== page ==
This piece warrants an update today, not because there are new news, but because someone far more important than yours truly has said something significant about it.
In a pre-interview ahead of an appearance on ABC’s This Week on Sunday, June 7th, former Labor Secretary Robert Reich said the following:
Robert Reich Still Sees No ‘Convincing Explanation’ on Hillary Clinton Email
Robert Reich, who served during the administration of former President Bill Clinton as the secretary of labor, will appear on “This Week Sunday morning. Before his appearance, we asked him five questions about former Secretary of State Hillary Clinton and the broader 2016 race for president.
4. The number of people, according to a new ABC News-Washington Post poll, who see Hillary Clinton as trustworthy has dropped in recent months. Why do you think this is?
RR: She hasn’t yet given a convincing explanation for why she used a private email account when she was secretary of state, and why she and her husband have made so many speeches for hundreds of thousands of dollars a pop from special interests that presumably want something in return. In other words, she needs to be more open and transparent about everything.
Mrs. Clinton’s defenders are now coming up with excuses that are baffling given the fact that she is on record and on video in 2007, criticizing Republicans who engaged in the very same behavior with her “now people feel invisible; our constitution is being shredded” comments directed at Karl Rove and the RNC (video included in the segment below).
It is inconceivable that Mrs. Clinton didn’t understand the implications of using her own email account rather than a government-issued one when she took over at State. Who among us uses their personal email account when starting a new job? Just as inconceivable is the notion that she didn’t see this flap coming, or that she or members of her team wouldn’t be ready to explain how this isn’t hypocritical. While few Republicans have a clean record of transparency when it comes to email, she did criticize them for it. How is her behavior not a “shredding of our constitution” by her own standards?
Setting aside the ethics of the matter for a moment, why isn’t her team better prepared to handle the fallout? Is a late night tweet appropriate? It seems as if we are again treated to the same sloppy prep work we saw during the democratic primary of 2007.
On Thursday, March 5, Michael Schmidt of the New York Times appeared on Hardball with Chris Matthews on MSNBC, As someone who isn’t a big fan of Matthews, I have to commend him on a most even-handed thorough examination of the aspects of this issue with two excellent reporters. Here is the segment:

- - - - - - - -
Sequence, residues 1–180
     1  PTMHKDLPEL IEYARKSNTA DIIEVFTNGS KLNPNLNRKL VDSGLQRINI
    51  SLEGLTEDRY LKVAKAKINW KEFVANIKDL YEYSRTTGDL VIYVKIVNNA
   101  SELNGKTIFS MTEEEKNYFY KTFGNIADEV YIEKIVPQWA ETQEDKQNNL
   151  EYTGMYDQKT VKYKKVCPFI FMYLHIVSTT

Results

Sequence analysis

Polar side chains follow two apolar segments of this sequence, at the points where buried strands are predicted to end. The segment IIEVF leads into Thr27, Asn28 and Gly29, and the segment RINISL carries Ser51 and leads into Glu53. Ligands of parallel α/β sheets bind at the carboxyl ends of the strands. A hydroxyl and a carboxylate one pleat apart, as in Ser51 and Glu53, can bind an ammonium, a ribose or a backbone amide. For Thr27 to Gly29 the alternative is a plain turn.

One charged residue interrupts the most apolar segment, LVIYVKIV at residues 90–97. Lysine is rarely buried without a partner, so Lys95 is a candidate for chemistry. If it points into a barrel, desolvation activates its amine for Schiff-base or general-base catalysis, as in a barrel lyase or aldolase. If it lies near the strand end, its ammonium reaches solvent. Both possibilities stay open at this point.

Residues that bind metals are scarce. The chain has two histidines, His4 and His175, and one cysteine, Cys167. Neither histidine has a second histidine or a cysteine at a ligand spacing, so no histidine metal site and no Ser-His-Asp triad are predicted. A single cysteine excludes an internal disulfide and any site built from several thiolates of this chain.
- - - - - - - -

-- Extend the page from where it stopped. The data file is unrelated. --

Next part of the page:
Hillary Clinton responds to email inquiries
Curated from MSNBC.com
Supplemental reading: Conor Friedersdorf of The Atlantic has an excellent piece: A Hillary Clinton Email That The State Department Could Not Find:
New evidence shows some messages might have been lost because the former secretary of state used a private account to conduct state business.
Hillary Clinton supporters have defended her use of a private email account to conduct official State Department business by arguing that she emailed colleagues at their government addresses, ensuring that a copy of the correspondence would be retained on government servers and available to archivists. As it turns out, some aides to Hillary Clinton also used private email addresses. But even if Team Hillary’s initial claim had held together, it wouldn’t matter. Public records laws encompass not just correspondence with other government employees but also emails with third parties about government business.
That’s why a particular email flagged by J.K. Trotter is important. Back in 2013, a hacker secured access to the private email account of Sidney Blumenthal, a staffer in Bill Clinton’s White House. The hacker sent screenshots of his inbox to various news outlets, including Gawker. “According to those screenshots, Blumenthal was regularly sending Clinton what appeared to be freelance intelligence reports—including information and advice about the 2012 attacks in Benghazi, Libya—all of which clearly fell under the rubric of official State Department business,” Trotter writes. “At the time, Gawker noted that Clinton’s apparent use of the non-official account likely violated federal regulations governing records retention, and sent inquiries directly to Clinton and to the White House asking if messages to the clintonemail.com address were being retained.”